Novelists don't just write books; they also write itineraries. Consider the case of Colleen McMullough, the woman from Australia who sat down and wrote a 530-page book called "The Thorn Birds" which sold 8 million copies in North America.
That ought to have been enough to keep the most restless writer quiet. But, no. She then sat down and wrote a endetailed three-page itinerary outlining a tour of Thorn Bird country-northeastern Australia. O bring it to life, Qantas, the U-less airline, has organized 17-day tours of Queensland following the route that McCullough laid out.
It's larynx-tangler, taking the traveler to places like Goondiwindi (stay at the Goondiwindi Motel), and to Collarenbi and Coonabarabran and Warrumbungles. The trouble with Australian place names is that you can't write a love song about them; you have write a book. I mean, who is going to get mushy over a song called April in Warrumbungles?
McCullough's idea, or Qantas's-I'm not sure who had it first-is bound to start a fad.Consider the possibilities. Michener's tour of the Chesapeake, an excursion through the Eastern Shore of Maryland where the Choptank River drops into Chesapeake Bay. Travelers cruising through Maryland could recall such passages from Michener's best-selling "Chesapeake" as this:
"When they reached the broad mouth of the Choptank, Hugo steered toward that loveliest of eastern rivers, the Red Avon: a broad, quiet estuary, a group of exquisite estuaries and innumerable coves, each with its own superb view . . . one well-preserved house after another, not ostentatious but most attractive hiding among tall trees."
And there is vintage Michener, too-Hawaii, Iberia, Colorado, to say nothing of the South Pacific,the site of the book that started Michener's fictionalized atlas of the world.
Why not Leon Uris sketching tours of Ireland so painstakingly described in "Trinity"? Or Thomas Hoving, who burst upon the best-seller list with the timely "untold story" of Tutankhamon, the boy king whose take had been lying there all these years. Hoving's tour of Egypt might prove a ducat as hard to get as one to visit the exhibit in New York's Metropolitan Museum of Art.
How about Lauren Bacall's tour of Hollywood? Or Jill Robinson's, who wrote of it so tellingly in "Perdido," last year's winner? Lucian Truscott IV, the graduate of the United States Military Academy who wrote of it in "Dress Gray," can sketch out a tour of West Point, that lovely glen high above the Hudson which Benedict Arnold once tried to sell to the British.
If Colleen McCullough can write itineraries for Qantas, why not Teddy White's China-the China he knew when he arrived there as a Chinese-speaking Harvard graduate and stayed to become a star correspondent for Time-Life?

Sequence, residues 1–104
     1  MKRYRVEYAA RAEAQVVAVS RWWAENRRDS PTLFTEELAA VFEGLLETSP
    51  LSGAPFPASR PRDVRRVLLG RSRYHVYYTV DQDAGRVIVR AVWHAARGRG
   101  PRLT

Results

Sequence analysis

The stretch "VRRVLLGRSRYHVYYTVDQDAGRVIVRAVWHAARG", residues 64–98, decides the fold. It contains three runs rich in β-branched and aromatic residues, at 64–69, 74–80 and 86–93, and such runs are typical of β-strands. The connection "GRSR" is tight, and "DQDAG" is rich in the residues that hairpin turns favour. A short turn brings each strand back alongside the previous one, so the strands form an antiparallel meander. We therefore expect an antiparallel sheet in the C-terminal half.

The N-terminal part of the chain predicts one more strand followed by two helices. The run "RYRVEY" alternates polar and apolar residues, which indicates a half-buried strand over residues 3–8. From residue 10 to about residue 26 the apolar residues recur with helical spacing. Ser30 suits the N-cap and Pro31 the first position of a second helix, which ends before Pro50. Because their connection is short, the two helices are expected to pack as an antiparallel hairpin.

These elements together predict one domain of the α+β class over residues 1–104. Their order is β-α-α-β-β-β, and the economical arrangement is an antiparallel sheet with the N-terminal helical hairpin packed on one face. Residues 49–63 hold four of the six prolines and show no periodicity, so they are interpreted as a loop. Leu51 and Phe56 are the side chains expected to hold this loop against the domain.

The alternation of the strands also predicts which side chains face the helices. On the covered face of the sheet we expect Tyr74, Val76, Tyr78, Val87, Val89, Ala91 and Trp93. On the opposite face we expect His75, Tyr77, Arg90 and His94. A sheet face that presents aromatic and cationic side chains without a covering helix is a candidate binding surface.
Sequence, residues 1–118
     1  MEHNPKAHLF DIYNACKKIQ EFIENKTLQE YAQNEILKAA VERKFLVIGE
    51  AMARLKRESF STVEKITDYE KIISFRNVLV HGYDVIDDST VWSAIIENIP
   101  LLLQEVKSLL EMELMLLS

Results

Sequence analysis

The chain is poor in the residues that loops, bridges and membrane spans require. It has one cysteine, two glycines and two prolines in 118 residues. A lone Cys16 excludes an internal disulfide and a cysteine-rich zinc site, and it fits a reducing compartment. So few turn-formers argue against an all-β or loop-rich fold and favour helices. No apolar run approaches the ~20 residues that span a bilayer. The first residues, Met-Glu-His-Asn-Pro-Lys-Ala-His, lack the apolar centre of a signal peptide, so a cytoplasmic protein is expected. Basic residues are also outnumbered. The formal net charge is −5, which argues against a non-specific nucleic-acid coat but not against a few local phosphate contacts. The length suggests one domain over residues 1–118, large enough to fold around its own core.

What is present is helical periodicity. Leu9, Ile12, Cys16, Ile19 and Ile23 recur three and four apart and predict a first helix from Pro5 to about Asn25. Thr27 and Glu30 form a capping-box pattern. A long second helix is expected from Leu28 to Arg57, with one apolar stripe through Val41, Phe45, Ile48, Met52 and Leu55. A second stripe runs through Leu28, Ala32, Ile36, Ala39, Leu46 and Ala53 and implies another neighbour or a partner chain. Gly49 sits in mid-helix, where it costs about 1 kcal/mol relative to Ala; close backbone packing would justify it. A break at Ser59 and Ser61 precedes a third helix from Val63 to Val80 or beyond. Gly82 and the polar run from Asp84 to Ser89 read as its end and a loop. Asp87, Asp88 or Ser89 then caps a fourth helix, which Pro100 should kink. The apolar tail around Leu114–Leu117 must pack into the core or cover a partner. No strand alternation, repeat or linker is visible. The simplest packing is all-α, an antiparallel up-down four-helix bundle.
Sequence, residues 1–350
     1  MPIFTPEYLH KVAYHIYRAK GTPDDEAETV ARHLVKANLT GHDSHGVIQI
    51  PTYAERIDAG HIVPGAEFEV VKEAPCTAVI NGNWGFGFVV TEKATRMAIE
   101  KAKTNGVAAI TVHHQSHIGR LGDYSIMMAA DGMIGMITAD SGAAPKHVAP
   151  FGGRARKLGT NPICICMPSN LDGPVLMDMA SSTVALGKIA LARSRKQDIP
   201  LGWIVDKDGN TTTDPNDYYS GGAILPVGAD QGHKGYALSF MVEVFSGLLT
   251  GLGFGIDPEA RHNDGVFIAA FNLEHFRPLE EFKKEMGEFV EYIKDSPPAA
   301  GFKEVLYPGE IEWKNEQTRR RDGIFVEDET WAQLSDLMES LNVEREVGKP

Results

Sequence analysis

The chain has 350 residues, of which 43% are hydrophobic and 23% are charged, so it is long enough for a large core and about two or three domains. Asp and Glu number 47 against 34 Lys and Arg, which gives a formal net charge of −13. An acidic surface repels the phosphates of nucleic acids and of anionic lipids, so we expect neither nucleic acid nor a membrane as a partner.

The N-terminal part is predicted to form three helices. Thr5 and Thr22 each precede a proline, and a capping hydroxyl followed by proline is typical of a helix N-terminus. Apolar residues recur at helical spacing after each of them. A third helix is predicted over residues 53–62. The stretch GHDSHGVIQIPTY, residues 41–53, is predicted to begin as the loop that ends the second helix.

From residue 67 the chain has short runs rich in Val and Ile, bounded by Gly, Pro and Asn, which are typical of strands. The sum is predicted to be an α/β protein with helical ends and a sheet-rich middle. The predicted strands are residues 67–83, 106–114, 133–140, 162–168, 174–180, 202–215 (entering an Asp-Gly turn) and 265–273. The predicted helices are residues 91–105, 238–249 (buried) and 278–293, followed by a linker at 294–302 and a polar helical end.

White's best seller, "It Search of History," also performs exquisitely for Paris and the south of France. Could one do better than the Sunday in Paris that he describes:
"I went to the magic cheese store of Courtois just beyond the Etoile, where Camembert cheeses, selected for their perfect ripeness each week, were displayed to greet the churchgoers coming home from Sunday mass; then to the baker on the rule de Berri for the butter-drenched croissants; then to the Russian stalls in the sixteenth arroundisement . . . then out to the Flea Market to browse in winter . . . And at night if one wanted . . . one could go to a cellar cafe on the Left Bank to sing with young French people.
Those who are not eaters or even francophilic sybarites might be enticed by James Fixx's "Jogging Tour of Europe," a trip fashioned by the man who invented running. Passionate joggers have told me of getting up in the darkness of pre-dawn China to run streets of ancient Cathay. Strange to say, Chinese joy, too.
The Thorn Bird tours avoid the Australian summer and the short Australian winter. April, May and June are the Australian autumn and September, October and November are the Australian spring. The 8 million owners of Thorn Bird books can see it all come alive, such as this form McCullough:
"Kangaroos, more than ever. Lovely little symmetrical wilgas, round and matronly, almost coy. Galahs soaring in pink waves of undersides above the truck. Emus at full run. Rabbits, hopping out of the road with white powder puffs flushing cheekily. Bleached skeletons of dead trees in the grass. Mirages of timber stand on the far curving horizon . . . And the grass, the silver-beige grass of the Great Northwest, stretching to the sky like a benediction."
What travel folder writer can beat that? Perhaps it was the Israelis who caught the idea first. It was they who came up with the slogan, "Israel, land of the Bible. If you liked the book, you'll love the country."